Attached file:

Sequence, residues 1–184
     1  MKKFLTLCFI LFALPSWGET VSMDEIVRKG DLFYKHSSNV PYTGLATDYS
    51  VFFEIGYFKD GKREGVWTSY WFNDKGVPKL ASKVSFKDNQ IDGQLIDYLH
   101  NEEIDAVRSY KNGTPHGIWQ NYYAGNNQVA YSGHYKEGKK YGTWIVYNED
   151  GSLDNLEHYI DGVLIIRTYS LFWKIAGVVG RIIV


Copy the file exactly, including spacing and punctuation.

Sequence, residues 1–184
     1  MKKFLTLCFI LFALPSWGET VSMDEIVRKG DLFYKHSSNV PYTGLATDYS
    51  VFFEIGYFKD GKREGVWTSY WFNDKGVPKL ASKVSFKDNQ IDGQLIDYLH
   101  NEEIDAVRSY KNGTPHGIWQ NYYAGNNQVA YSGHYKEGKK YGTWIVYNED
   151  GSLDNLEHYI DGVLIIRTYS LFWKIAGVVG RIIV